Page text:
Take a current example. Right now, drought is making news across continents. California has just emerged from an epic five-year drought, the driest season in 1,200 years according to scientists who used paleoclimatic reconstructions to arrive at this figure. According to the US Drought Monitor, over 95 per cent of California’s $43-billion agricultural sector had experienced severe, extreme, or exceptional drought. The water emergency has just been lifted and lessons have been learned.
If one were looking for something entirely futuristic in the sci-fi mould, then the state’s Central Valley is the place. Here farms are almost entirely wired up. Moisture sensors planted across the almond groves keep tabs on the soil and send data to a cloud computing centre which analyses it and sends it back to the farm’s drip irrigation system. Based on the cloud computing analysis, a measured dose of water mixed with fertiliser is pumped through the system to each tree, alternating between one side of the trunk and the other for better results. The trees are watered more often but the water used is less than when the trees were watered weekly under the earlier method.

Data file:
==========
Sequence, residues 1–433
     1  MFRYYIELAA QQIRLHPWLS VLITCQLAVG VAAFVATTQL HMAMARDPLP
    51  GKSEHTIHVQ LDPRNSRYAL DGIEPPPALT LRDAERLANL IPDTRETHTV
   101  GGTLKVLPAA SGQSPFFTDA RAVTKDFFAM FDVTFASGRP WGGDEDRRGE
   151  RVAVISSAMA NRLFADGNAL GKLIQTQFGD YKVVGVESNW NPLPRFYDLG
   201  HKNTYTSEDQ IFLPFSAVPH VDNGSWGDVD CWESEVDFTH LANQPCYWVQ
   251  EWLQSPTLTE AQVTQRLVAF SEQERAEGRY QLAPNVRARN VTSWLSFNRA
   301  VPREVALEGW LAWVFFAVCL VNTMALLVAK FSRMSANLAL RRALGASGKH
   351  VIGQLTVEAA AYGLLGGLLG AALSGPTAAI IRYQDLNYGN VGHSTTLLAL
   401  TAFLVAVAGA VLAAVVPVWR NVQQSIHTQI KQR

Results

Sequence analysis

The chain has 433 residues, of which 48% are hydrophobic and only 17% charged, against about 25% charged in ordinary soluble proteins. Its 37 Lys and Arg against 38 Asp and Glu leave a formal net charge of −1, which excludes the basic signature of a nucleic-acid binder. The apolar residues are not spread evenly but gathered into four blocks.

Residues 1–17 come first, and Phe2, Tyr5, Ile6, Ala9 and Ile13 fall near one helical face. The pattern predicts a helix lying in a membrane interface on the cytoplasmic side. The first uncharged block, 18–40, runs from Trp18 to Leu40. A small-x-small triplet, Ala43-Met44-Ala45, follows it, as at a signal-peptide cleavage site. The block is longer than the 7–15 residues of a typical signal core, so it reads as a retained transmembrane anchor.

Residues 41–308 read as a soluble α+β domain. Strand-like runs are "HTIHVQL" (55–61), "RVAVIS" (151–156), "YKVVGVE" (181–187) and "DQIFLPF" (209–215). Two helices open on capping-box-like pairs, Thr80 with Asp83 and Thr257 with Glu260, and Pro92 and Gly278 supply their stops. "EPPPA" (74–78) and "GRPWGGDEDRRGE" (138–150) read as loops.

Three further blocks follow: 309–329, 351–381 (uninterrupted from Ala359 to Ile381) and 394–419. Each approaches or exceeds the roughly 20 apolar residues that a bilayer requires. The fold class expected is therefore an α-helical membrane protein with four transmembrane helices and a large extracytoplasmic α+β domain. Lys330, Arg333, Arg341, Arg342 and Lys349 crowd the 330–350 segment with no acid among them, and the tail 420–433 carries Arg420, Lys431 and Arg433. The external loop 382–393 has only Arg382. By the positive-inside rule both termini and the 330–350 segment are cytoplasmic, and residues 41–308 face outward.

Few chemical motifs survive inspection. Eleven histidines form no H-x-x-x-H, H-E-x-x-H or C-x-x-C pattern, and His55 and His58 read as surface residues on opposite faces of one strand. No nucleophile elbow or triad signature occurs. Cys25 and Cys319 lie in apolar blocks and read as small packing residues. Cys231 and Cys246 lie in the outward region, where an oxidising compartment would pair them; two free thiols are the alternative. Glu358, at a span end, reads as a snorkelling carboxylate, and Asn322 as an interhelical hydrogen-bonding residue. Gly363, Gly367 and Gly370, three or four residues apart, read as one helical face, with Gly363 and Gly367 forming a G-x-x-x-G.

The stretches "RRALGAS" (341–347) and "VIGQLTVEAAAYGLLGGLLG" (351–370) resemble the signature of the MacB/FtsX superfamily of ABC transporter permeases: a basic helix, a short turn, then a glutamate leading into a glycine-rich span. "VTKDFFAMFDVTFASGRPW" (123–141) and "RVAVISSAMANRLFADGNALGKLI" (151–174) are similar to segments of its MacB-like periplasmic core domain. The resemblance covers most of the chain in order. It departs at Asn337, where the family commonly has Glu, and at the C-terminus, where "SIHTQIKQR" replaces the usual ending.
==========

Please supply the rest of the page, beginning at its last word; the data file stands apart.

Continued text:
Some of the sophisticated future is already here, with the deployment of aerial robotics or drones specially developed for agriculture, in combination with satellite imaging to zap weeds, harvest fruits at the right time or to deliver fertiliser and pesticide at prescribed intervals, not just to an entire farm running into thousands of hectares but even to individual plants that need extra loving care.
In India, agriculture is a long way off from such a future, although the well-to-do farmer in Punjab may be adopting a system of new tools combined with sustainable practices. These include laser-guided tractors that plough his fields with precision and digital apps for applying inputs and water to improve efficiency. The most widespread innovation, if it can be called that, in 2017 is the detailed weather forecast delivered on mobile phones.